An essay I wrote regarding my relationship with United Way appeared in BizTimes.com. You can read it by clicking www.biztimes.com/blogs/milwaukee-biz-blog/2009/12/7/my-lifes-journey-has-been-touched-by-the-united-way.  Special thanks go to Steve Jagler for giving me an opportunity to let readers know my "behind the scenes" story regarding my United Way involvement.

I also debuted on The Morning Blend.  Thanks to MilwaukeeMoms.com SJK (which is what I secretly call Sonja Jongsma Knauss because I don't want to pronounce any of those names incorrectly!) I had an opportunity to meet Molly Fay and Tiffany Ogle to discuss grieving during the holidays. Here's a direct link to the Morning Blend segment. 

And I had this entertaining conversation with my little girl.

Six year old daughter: Mom you spilled something on Monday.

Fifty-one year old me: What? How do you know?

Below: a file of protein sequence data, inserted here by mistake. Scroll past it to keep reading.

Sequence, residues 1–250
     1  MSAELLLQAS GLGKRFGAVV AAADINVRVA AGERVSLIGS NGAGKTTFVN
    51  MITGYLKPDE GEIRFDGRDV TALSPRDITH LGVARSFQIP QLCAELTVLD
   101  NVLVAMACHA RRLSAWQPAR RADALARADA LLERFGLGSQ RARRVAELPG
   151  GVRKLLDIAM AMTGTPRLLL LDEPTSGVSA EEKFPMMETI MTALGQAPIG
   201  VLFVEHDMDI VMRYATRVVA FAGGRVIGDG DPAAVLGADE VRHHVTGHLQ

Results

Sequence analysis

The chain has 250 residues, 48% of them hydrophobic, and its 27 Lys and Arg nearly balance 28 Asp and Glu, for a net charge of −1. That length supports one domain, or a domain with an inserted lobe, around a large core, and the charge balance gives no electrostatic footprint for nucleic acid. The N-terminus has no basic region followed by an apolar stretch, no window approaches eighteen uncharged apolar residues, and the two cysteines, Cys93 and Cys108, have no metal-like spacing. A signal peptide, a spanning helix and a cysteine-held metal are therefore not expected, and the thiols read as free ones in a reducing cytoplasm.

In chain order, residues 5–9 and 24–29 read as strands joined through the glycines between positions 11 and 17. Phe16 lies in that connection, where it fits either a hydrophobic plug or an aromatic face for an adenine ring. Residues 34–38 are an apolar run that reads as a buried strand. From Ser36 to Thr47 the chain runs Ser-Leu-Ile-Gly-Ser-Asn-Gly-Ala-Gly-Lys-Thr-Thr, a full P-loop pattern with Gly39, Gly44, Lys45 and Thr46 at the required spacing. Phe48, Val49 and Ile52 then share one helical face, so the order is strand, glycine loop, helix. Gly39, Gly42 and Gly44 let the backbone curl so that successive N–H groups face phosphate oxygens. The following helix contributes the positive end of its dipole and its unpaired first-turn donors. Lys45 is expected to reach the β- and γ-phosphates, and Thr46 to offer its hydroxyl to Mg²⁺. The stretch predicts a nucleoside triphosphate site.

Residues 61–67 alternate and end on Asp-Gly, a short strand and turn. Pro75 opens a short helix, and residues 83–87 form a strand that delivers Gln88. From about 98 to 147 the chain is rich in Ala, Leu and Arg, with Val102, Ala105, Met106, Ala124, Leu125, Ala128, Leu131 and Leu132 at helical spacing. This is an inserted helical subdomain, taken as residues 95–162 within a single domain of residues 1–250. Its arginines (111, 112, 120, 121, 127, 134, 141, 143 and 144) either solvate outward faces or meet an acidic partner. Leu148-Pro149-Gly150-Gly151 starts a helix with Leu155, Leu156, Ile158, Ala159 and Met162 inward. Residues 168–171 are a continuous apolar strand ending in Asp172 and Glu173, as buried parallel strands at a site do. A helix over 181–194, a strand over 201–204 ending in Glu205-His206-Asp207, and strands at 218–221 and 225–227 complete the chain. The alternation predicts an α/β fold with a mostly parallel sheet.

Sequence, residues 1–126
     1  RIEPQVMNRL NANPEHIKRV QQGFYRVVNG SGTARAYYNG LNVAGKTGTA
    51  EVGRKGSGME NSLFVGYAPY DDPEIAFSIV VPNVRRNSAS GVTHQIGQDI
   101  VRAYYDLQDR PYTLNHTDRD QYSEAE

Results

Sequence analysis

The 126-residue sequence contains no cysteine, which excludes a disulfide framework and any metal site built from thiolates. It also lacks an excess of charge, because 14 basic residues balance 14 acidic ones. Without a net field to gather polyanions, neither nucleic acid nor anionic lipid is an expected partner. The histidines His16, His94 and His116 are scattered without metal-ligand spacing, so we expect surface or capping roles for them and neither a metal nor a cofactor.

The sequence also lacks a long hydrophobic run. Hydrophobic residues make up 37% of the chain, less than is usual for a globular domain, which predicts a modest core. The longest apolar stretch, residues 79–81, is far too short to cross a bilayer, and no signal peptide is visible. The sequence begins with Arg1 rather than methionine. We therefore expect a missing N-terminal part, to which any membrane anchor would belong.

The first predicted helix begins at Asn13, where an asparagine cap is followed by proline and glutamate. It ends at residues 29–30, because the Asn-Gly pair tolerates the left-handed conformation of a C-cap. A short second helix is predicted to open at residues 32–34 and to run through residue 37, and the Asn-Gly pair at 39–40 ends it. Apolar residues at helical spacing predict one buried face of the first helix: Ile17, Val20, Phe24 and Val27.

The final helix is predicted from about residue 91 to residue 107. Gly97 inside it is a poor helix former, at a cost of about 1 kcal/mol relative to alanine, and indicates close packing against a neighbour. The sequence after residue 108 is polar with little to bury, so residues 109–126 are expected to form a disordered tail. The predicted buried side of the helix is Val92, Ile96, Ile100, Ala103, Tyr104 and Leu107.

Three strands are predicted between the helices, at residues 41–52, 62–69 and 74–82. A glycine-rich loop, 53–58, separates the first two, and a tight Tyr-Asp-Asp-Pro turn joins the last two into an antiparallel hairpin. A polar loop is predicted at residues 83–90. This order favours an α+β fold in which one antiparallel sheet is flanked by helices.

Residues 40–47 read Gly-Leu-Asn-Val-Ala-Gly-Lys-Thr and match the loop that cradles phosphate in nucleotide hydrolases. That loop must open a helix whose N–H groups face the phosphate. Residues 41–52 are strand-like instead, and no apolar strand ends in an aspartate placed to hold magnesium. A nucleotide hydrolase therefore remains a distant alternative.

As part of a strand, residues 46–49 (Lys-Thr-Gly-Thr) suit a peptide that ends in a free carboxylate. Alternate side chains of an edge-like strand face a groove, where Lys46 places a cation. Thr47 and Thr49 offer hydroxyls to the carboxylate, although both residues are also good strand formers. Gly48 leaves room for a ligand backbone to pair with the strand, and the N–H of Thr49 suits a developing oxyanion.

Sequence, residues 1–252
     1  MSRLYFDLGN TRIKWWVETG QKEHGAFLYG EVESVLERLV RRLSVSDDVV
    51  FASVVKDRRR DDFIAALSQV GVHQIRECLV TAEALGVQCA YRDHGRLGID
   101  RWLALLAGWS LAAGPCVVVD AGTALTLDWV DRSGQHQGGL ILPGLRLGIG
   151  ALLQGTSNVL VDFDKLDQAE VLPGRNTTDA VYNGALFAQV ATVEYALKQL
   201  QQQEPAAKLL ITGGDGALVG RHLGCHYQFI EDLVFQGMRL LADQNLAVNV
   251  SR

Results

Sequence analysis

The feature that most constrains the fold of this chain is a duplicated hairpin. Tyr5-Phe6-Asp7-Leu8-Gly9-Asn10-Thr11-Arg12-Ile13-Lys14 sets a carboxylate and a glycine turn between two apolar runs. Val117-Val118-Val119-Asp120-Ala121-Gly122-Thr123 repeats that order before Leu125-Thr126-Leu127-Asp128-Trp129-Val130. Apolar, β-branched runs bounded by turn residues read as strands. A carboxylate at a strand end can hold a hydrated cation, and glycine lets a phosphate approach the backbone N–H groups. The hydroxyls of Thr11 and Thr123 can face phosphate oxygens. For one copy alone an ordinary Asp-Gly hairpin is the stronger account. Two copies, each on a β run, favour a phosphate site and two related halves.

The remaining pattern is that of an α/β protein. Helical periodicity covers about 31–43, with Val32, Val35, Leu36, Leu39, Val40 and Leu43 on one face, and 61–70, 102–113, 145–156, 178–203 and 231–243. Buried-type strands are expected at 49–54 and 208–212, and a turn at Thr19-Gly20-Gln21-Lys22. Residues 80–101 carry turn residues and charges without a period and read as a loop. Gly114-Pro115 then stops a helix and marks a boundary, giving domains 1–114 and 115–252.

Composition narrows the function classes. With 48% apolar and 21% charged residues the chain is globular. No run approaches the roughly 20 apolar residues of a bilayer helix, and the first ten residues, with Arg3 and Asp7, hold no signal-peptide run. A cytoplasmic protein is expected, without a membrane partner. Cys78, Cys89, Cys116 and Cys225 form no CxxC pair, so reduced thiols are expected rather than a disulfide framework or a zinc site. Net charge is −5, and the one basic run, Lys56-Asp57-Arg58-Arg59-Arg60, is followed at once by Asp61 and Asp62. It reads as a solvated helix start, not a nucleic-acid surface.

Six year old daughter: Actually, it was Monday afternoon.


She was right.

I spilled chocolate pudding.

On Monday afternoon. 

How was your week?

Right now, the buzz in the media is about A-List infidelities. Now, I don't follow the tabloids. However, it is hard to miss when stories are on newsstands everywhere and people are tweeting like crazy about it! Frankly, I'm tired of it. I understand it is a hot topic on people's minds; however, there are greater issues in the world to solve than someone's personal and private life of which we have no business intruding upon.